A few months ago we screened Odd Man Out (1947), which featured a scene with Robert Newton (1905 -1956) playing a drunken artist and, although this was not far from the character for which Newton would be remembered (i.e. Long John Silver, the quintessential pirate persona), it was not far either from the larger-than-life repuation of Newton’s real self.
But Newton was also a well-respected and accomplished stage performer, whose true talents were usually captured only fleetingly on film.
And in the 40 or so films he made, he was rarely given a lead role, so this month’s screening of Obsession provides an exception, both in that Newton plays the protagonist and also that he plays completely against that blustering, piratical eccentric for which he has been remembered.
In Obsession (marketed in the USA as The Hidden Room) Newton’s psychiatrist character, Dr Clive Riordan of London, is a quietly erudite and urbane professional with a passion for model trains and a distaste for emotional outbursts.
Unfortunately his wife, Storm Riordan (Sally Gray), is a philanderer and we soon learn that she has driven him to quietly desperate ends. Her most recent affair with American Bill Kronin (Phil Brown) is the last straw for him.
Rather than become sad or angry, Dr Riordan (being a quietly logical English person) has organised a carefully laid out scheme that deal with his wife’s next lover in a manner that seems to him most appropriate. He aims to follow through his plan meticulously without showing any sign of nerves or distress to his wife or the police.
And he even seems adept at dealing with the Super Intendant; but its the antics of a little dog that finally put the kibosh on his careful laid plans.
This is a tense and claustrophobic, dark little thriller that is perfectly set in a post-war London comprising bomb sites, gentlemen’s clubs, servants to do the cooking and bobbies on the beat.
This background is important to the plot, which is sustained further by a restrained and compelling, powerful performance by Newton. His every inflexction carries meaning both in his mannerisms and facial expression.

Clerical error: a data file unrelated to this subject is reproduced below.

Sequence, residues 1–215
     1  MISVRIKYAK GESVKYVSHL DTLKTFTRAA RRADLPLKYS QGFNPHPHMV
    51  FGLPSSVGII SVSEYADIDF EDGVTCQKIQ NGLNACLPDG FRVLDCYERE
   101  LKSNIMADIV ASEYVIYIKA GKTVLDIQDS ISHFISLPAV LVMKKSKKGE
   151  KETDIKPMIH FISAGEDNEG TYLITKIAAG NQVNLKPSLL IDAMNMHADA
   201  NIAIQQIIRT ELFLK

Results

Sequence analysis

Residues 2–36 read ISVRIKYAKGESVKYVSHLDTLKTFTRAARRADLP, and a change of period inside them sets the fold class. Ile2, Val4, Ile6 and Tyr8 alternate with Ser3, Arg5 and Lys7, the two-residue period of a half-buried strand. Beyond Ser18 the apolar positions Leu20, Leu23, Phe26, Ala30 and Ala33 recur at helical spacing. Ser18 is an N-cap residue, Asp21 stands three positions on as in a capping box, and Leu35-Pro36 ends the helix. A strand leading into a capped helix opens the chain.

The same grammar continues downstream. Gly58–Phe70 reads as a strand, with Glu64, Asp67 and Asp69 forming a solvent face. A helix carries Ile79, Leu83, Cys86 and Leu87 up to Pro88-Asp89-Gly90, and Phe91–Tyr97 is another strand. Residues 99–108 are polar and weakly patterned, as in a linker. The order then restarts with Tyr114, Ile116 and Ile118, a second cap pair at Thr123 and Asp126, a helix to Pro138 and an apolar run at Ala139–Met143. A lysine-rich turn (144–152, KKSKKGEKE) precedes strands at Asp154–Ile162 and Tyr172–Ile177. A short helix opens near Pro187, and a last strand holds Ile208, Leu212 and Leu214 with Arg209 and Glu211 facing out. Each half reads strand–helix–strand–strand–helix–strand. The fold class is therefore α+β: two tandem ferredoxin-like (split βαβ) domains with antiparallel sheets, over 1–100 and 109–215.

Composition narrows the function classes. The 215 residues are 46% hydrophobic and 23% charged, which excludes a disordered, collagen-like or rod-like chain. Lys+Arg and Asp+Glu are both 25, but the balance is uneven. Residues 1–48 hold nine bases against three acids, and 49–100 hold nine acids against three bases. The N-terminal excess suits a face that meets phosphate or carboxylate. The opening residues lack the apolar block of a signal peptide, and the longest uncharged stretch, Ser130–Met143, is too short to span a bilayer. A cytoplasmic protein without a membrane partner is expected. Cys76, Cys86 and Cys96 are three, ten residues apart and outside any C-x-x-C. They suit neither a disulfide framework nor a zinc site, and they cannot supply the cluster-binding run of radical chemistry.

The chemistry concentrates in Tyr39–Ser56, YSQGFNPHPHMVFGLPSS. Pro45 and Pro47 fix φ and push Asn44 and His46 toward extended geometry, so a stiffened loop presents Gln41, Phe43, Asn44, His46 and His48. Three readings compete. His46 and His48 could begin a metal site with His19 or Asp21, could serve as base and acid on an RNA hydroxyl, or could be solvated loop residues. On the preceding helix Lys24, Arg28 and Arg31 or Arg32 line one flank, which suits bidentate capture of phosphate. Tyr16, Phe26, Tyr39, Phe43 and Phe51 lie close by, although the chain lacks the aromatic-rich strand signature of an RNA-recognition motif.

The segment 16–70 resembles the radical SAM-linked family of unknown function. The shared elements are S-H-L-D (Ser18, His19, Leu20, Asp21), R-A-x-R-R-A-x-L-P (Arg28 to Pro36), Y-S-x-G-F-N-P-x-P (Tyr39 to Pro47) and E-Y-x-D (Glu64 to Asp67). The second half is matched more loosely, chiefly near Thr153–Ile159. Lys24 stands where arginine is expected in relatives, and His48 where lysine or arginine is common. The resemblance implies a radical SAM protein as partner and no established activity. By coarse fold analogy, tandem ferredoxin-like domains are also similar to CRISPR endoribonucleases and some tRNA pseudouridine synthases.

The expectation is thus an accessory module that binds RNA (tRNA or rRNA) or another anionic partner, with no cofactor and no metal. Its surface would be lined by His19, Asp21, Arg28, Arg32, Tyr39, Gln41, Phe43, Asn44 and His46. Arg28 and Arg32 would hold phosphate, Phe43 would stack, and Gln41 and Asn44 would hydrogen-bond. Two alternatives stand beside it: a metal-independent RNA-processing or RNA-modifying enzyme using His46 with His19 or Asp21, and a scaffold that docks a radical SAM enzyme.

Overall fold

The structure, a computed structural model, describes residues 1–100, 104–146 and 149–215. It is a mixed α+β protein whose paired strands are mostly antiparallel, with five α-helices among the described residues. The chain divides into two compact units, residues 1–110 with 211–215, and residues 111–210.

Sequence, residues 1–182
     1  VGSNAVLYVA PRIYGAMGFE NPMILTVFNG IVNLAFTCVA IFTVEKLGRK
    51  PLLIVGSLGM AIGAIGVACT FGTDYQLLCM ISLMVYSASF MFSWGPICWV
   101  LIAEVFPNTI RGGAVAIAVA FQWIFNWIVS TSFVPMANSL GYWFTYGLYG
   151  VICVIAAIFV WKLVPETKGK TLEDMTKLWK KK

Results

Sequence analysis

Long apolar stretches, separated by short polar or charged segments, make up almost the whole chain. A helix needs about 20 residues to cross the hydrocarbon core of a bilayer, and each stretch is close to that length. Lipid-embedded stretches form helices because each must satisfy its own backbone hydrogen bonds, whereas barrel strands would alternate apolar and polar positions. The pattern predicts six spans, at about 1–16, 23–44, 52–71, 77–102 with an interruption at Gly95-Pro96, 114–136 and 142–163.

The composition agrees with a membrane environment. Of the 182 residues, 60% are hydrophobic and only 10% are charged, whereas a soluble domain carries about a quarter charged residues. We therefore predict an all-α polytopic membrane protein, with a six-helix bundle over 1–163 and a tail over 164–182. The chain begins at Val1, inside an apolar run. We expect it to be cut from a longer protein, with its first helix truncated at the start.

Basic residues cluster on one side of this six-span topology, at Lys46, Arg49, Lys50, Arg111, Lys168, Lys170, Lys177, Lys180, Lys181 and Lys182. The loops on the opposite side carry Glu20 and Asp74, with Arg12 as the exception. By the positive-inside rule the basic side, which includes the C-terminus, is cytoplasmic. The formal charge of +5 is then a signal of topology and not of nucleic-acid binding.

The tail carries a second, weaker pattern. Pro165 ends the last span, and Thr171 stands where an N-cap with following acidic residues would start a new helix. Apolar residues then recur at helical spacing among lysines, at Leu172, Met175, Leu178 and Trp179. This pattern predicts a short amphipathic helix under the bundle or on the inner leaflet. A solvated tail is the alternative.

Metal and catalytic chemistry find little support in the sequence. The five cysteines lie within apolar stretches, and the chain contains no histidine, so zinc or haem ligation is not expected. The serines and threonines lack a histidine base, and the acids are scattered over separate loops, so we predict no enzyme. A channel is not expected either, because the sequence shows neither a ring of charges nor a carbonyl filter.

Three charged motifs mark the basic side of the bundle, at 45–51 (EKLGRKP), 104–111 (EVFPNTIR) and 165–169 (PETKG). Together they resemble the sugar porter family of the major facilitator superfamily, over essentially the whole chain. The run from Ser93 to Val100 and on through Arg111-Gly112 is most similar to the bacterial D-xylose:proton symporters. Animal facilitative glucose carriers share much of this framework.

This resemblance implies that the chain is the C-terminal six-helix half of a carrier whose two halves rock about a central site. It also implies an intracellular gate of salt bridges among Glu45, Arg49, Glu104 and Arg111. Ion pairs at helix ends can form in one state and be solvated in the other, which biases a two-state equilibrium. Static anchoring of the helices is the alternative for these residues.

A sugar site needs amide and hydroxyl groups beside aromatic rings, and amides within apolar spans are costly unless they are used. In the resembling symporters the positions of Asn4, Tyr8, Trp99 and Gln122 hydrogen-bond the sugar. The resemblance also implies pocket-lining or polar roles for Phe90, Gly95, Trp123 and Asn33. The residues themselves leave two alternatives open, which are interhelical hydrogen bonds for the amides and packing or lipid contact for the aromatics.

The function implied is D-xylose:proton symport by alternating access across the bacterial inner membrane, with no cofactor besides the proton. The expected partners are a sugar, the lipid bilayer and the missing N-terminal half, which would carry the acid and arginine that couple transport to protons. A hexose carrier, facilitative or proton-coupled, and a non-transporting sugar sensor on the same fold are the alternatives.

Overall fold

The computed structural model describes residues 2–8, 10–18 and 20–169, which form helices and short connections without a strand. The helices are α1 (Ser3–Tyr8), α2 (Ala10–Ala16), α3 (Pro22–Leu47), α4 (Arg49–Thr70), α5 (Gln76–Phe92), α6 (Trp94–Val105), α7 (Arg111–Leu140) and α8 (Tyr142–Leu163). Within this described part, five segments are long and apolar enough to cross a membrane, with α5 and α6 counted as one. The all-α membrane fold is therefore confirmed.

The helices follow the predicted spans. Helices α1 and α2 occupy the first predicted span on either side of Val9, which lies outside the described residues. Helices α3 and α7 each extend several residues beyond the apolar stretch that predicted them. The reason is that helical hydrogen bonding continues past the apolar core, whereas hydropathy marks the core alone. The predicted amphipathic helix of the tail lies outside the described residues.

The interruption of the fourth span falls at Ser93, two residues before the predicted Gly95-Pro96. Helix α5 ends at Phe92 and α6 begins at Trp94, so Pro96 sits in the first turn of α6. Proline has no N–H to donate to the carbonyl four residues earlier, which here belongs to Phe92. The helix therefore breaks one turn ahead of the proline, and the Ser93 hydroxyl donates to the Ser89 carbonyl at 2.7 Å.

His performance is also very well supported by Sally Gray and Phil Brown, and the trio allow the direction to create psychological credibility that keeps us interested.
As well as the relationship between these characters, there is a study in mannered British politeness demonstrated in exchanges between Newton’s tightly calculated, criminal mind and the equally restrained – not to say mildly amused (and amusing) – demeanour of Super Intendant Finsbury (Naunton Wayne, right). Finsbury arrives to investigate a lost dog but things start to grow from this simple pretext (nor should we forget the fine performance of Monty, the dog).
Known in USA as The Hidden Room, Obsession was directed by Edward Dmytryk (1908-1999) and adapted into a screenplay by Alec Coppel from his own book and play. Born in San Francisco to Ukrainian immigrants, Dmytryck (left), had been considered one of Hollywood’s rising young talents in the early 1940s.
Always left-leaning, he had been a Communist Party member briefly during World War II so was subsequently called to testify before the House Un-American Activities Committee and asked to named others. When he refused, he was identified as one of the so-called “Hollywood Ten” in 1947, which meant he would no longer be able to get work in Hollywood. Consequently he fled to England, where he stayed until his passport ran out. It was during this period that he directed Obsession.
Although Obsession is not at all a political film – unless you count reactionary comments made by characters at Riordan’s gentlemens club (which are surely meant as an amusing dig at old fashioned attitudes). Nevertheless, there is something of the filmmaker’s real life plight reflected in Bill Kronin’s situation; his freedom has been curtailed and his world turned up-side down – if not severely reduced with a view to being curtailed.
Furthermore Kronin is far from being an uncivilized ‘colonial’ frowned upon by old fuddy-duddies in the gentleman’s club. Nor is he simply some abrasive, fish out of water American bloke but a sophisticated, affable chap who contrasts sharply with his unbending gaoler. If anything, it is Riordan who is visually framed as a menacing obsessive, lacking humanity and behaving like a Nazi (as at right).
As it happened, on his return to America after his passport ran out, Dmytyck spent several months behind bars before decided to cooperate after all. In naming names before the committee, however, Dmytryck sealed his future. Although he directed more than 50 films over his career, Dmytryck was never forgiven by Hollywood insiders once McCarthy had been disavowed. His work as a director slowly dried up as the influence of HUAC faded and he was forced to seek academic work in the 1970s, eventually becoming professor of film theory at the University of Texas in Austin.
By contrast Phil Brown, who played Bill Kronin, the unfortunate American who gets involved with Storm Riordan, had a long career as a character actor in the public eye both on the big screen and TV. He died in 2006 aged 89 having appeared in many roles – including as Luke Skywalker’s uncle in 1977’s Star Wars (right).